‘Sports without black people will be boring’ : Kevin-Prince Boateng

Kevin-Prince Boateng has launched a powerful anti-racism message following the death of George Floyd who died after a white policeman knelt on his neck for nearly nine minutes in Minneapolis, Minnesota, on May 25.

Floyd’s killing parked nationwide protests in the US and across the world including the United Kingdom, France, Germany and even in African countries like Nigeria and South Africa.

And the Ghana international stands in support of those sending a message and called for footballers to stand up against racism, saying: “People are scared of getting sanctioned…if we really want to change something, we have to take big measures,” Boateng told Skysports

“Do one thing, take every black person out of sports and every black actor out of the movies and how is it going to be? Boring.

“I want to get a day that no black player goes to work, maybe on George Floyd’s birthday. Not because we don’t want to work or disrespect our club but to honour our black community.”

The idea was just one that Boateng, who is currently on loan at Besiktas from Fiorentina, had as he continued to call on people to do something to combat racism.

“Of course,” he responded when asked if others could get involved with such a movement.

“Imagine what a message it would be if white people stick with us, if they said, ‘I won’t go to practice’ or ‘I won’t go to work’ or ‘I won’t play’.

“Imagine it’s on a Saturday, the day of a game, that would be a big message.

“I’m trying to think of answers – putting cameras and speakers inside the stadium so you can point out who is that person. I’m trying to do something because nothing is happening.

“There’s always just something tragic happening – and then it’s too late.”

Boateng previously walked off the pitch during a friendly match with AC Milan as he was the victim of racist abuse from the stands but he knows that others are fearful of doing the same thing.

“It was a powerful image and still is now,” he said.

“But I think even now people are scared they are going to get sanctioned.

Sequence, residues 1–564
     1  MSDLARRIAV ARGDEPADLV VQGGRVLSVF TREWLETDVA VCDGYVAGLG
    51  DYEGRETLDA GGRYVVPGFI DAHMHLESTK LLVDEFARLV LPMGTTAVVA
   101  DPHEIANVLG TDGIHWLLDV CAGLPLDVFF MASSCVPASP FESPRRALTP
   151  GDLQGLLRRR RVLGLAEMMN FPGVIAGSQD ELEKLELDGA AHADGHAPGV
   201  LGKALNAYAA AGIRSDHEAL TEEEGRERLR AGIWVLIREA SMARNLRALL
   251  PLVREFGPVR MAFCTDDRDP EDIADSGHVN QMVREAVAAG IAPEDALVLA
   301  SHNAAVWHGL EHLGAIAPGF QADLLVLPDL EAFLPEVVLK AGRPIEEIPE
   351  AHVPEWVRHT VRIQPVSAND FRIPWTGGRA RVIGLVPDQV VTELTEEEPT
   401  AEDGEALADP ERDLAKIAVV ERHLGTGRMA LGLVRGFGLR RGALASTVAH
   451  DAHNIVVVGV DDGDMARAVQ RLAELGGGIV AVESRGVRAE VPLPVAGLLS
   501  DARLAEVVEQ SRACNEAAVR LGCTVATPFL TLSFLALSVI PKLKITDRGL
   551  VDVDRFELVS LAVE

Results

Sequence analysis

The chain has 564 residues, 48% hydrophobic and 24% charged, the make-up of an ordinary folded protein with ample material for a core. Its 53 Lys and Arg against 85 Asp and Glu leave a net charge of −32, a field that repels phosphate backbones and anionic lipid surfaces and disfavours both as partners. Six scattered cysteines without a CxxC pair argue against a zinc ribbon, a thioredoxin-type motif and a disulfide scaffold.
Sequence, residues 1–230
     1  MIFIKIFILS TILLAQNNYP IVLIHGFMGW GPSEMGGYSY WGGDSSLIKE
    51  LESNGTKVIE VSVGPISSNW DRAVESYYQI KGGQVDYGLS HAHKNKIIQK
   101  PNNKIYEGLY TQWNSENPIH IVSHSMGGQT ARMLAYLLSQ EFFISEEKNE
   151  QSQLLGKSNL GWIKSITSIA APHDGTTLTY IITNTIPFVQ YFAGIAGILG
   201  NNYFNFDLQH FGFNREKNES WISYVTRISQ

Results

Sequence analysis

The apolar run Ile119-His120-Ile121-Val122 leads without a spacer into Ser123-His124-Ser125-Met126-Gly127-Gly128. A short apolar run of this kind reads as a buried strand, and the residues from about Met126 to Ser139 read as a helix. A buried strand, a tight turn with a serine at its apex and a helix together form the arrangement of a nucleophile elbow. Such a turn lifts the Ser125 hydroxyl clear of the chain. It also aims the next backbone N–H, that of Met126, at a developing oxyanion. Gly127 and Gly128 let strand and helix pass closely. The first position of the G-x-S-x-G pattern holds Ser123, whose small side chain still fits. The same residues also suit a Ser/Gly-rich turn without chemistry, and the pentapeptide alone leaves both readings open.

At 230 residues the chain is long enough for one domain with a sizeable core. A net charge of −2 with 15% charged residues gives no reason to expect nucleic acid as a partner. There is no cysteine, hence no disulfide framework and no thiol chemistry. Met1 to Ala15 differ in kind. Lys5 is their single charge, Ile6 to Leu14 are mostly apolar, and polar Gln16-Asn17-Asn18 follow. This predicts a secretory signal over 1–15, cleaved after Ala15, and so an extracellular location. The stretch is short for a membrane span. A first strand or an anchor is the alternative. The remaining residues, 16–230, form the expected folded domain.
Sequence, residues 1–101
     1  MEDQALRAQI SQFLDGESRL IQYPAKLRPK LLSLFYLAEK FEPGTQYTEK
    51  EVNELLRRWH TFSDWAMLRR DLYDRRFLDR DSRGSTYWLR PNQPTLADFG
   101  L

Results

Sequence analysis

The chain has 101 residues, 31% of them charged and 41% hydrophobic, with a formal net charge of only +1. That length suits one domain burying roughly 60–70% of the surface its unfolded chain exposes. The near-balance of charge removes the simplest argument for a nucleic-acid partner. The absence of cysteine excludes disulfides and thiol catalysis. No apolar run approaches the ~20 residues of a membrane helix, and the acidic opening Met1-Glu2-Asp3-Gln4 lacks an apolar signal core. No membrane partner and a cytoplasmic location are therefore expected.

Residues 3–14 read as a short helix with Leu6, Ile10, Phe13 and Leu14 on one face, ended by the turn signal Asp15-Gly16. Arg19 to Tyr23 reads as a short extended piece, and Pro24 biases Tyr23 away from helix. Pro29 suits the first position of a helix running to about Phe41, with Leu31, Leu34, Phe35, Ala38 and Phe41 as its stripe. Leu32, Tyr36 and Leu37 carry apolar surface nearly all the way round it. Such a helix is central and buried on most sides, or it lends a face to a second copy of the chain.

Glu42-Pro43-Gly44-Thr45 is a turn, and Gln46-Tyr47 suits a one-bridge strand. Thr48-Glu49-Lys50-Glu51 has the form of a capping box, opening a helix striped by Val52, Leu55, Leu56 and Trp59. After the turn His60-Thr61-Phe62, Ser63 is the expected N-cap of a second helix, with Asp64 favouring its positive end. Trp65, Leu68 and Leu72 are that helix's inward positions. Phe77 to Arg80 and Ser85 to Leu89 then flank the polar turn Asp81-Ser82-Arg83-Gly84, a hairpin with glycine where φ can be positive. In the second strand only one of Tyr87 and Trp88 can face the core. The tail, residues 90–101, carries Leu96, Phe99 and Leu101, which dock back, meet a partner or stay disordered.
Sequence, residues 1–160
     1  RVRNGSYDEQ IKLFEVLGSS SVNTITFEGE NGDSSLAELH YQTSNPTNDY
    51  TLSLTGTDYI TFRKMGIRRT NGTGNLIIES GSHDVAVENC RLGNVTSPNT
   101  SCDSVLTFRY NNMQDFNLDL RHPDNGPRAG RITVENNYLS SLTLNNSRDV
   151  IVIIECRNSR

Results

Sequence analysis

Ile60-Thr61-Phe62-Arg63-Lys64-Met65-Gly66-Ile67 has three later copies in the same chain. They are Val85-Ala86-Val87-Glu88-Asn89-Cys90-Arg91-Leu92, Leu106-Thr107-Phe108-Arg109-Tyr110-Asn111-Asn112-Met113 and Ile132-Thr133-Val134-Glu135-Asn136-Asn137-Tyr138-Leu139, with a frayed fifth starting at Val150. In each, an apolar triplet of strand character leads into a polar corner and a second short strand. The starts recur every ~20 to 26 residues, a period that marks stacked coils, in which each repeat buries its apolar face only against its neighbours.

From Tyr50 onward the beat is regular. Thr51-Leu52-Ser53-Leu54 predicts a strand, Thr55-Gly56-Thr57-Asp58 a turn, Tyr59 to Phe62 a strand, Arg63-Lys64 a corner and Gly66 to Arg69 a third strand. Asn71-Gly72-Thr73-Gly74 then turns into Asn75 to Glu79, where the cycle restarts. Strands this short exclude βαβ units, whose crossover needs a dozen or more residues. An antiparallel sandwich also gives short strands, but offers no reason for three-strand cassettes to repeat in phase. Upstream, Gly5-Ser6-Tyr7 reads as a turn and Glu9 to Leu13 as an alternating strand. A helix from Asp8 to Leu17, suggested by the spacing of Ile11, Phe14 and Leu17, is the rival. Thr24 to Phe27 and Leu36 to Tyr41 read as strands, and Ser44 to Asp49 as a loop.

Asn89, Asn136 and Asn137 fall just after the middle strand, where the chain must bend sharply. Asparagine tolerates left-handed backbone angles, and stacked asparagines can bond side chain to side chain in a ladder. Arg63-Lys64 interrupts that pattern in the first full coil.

“There’s always a little chain – we have to start to believe in what we are doing.

“People say it was a friendly game, but I didn’t care in that moment because it was something bigger inside of me. It wasn’t about the game. Even if it was a Champions League game I would have walked off.

“It’s not a discussion, it’s just if we’re strong enough, if we really want to change something, we have to take big measures.

When asked if society as a whole was doing enough, Boateng recognised that although some recent efforts were appreciated, more needs to be done.

“Of course not,” he said. “We have to talk; we have to be louder. We have to use social media, today it is the biggest platform.

“People might say I only have 100 followers, well maybe you can influence 50 of them. Even showing you as a white person are with us, that gives us so much power. We believe you are with us so we can go forward with a bigger chest.

“No one is doing enough. #BlackOutTuesday is not enough, it’s too easy. Because people are scared to stand for something, to say something because of sponsors or large followings. A black picture is way too easy.

“It’s a beautiful message but I’m mad because people have it so easy.

“If you ever point a finger at them, they’ll say ‘but I posted that picture’. The picture [alone] does not mean anything to me.”

Isaac Darko
Isaac Darko is the lead Combat Sports writer for AfroBallers. He is an expert in Boxing, Mixed Martial Art and Wrestling reportage. Isaac is a journalist with newfound love for athlete management and digital media.

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